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We aim to improve current strategies for treating and preventing bone loss with aging, pathologies, and injury by targeting mechanical, metabolic, and vascular factors.


One of the primary functions of bone is providing mechanical stability to the body. Mechanical loading is necessary to shape bone morphology on the macro and micro scale. Determining pathological changes that occur in bone material properties, structural architecture, and tissue composition are imperative for understanding the mechanisms involved in bone loss.


Complex networks of endo-, auto-, and paracrine-signaling regulates the activity of bone forming (osteoblast) and bone resorbing (osteoclast) cells. Furthermore, bone tissue plays an important role in the endocrine system by controlling insulin sensitivity and gonadal development. Changes in these signaling pathways can impact bone health and potentially decrease bone fracture resistance.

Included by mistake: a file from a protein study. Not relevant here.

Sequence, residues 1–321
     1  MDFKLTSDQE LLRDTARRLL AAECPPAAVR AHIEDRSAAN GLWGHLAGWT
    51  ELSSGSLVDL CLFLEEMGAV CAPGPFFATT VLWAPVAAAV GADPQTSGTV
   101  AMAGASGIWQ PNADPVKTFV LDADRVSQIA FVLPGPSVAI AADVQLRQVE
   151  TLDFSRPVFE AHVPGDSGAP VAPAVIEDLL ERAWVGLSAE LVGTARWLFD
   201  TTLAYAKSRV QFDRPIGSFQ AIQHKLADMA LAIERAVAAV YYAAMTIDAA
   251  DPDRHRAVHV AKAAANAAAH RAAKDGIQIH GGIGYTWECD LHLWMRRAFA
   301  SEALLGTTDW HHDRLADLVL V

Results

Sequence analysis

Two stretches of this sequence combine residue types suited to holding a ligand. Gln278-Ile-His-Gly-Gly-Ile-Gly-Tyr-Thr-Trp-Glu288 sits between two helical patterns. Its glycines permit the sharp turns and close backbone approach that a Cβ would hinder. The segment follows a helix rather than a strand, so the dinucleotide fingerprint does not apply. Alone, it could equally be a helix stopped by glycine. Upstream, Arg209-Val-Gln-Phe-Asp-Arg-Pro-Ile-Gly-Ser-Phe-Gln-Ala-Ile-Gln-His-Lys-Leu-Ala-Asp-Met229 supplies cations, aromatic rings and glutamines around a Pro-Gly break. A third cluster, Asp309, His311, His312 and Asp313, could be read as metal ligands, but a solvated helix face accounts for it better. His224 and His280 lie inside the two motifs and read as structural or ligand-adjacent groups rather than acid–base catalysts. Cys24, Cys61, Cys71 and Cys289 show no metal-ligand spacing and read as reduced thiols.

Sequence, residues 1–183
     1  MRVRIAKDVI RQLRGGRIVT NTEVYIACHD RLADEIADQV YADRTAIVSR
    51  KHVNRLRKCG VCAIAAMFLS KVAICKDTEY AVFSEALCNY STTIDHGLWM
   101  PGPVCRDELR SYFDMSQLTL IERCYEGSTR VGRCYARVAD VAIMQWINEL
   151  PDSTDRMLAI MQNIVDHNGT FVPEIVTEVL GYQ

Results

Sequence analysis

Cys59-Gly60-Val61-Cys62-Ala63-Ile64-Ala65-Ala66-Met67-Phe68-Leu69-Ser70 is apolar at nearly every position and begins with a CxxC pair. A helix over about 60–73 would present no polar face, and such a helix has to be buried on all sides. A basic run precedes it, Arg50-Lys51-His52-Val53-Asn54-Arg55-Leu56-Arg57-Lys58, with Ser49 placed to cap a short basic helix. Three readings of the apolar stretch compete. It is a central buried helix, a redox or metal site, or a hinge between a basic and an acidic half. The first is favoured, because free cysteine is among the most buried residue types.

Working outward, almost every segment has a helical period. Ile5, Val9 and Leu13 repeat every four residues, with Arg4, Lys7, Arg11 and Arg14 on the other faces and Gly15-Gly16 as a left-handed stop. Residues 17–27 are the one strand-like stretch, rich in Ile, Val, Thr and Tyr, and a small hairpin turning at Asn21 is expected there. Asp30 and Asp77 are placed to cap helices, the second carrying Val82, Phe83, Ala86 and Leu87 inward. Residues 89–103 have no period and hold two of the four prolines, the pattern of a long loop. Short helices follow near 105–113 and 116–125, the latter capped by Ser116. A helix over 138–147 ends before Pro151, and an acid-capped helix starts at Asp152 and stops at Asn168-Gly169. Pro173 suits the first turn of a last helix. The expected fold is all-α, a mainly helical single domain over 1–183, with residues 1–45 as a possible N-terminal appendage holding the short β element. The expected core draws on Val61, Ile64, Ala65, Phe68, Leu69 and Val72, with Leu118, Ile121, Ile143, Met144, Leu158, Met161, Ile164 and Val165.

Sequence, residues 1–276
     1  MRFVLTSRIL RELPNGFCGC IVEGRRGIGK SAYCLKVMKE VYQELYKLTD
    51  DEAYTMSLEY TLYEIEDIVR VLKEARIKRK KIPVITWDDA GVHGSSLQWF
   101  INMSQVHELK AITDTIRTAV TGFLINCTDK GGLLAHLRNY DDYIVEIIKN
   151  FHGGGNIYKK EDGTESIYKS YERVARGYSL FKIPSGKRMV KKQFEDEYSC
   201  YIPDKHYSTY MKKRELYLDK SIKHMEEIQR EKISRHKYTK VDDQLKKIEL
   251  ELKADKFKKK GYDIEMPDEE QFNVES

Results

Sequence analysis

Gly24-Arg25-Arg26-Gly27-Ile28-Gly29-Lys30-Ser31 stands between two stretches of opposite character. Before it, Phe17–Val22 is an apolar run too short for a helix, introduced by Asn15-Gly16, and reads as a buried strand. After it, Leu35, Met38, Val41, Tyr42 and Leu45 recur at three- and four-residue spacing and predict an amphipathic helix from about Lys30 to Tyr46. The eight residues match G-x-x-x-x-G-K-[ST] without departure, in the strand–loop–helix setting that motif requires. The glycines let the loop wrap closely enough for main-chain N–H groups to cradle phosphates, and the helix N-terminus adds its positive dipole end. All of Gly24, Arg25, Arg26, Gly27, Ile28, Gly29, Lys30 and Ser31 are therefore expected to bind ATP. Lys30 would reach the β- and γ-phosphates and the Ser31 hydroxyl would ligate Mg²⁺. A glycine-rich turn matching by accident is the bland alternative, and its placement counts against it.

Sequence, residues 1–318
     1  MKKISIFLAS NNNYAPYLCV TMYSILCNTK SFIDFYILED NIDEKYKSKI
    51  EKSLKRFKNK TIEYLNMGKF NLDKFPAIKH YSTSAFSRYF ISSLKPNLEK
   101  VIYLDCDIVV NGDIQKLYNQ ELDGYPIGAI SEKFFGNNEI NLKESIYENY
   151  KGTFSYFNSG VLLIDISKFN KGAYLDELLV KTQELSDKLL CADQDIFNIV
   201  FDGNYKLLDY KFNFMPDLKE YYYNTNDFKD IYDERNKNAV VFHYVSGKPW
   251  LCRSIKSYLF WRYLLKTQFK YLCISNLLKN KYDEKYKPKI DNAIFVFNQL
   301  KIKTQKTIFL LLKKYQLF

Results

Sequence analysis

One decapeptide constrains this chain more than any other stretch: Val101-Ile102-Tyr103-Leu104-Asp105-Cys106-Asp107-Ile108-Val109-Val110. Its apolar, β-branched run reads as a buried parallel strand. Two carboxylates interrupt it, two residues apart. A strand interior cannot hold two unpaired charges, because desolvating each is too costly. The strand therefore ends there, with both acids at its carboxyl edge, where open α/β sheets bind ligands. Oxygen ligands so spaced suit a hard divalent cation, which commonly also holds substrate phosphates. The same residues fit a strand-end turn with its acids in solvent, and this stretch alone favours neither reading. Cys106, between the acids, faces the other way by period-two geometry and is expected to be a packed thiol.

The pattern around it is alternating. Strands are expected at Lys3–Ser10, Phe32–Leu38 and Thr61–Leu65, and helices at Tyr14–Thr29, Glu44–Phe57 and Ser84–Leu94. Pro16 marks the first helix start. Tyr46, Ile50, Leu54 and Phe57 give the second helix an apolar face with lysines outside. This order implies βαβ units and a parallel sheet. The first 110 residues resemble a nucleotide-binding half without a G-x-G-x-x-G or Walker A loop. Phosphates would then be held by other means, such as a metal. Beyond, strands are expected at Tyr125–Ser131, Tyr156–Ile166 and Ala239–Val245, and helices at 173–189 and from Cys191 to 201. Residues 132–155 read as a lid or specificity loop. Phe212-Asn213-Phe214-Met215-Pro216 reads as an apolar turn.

Blood vessels are important for transporting nutrients, chemical signals, and mechanical stimulation to the cells within bone. Perturbations to physiologic blood flow within bone may impact the rates of bone resorption and formation, leading to advanced bone loss and functional deficiencies. Interventions aimed at impacting vascular health may cause beneficial outcomes in bone.

Focus Areas

(Click on a focus area to learn more about related projects)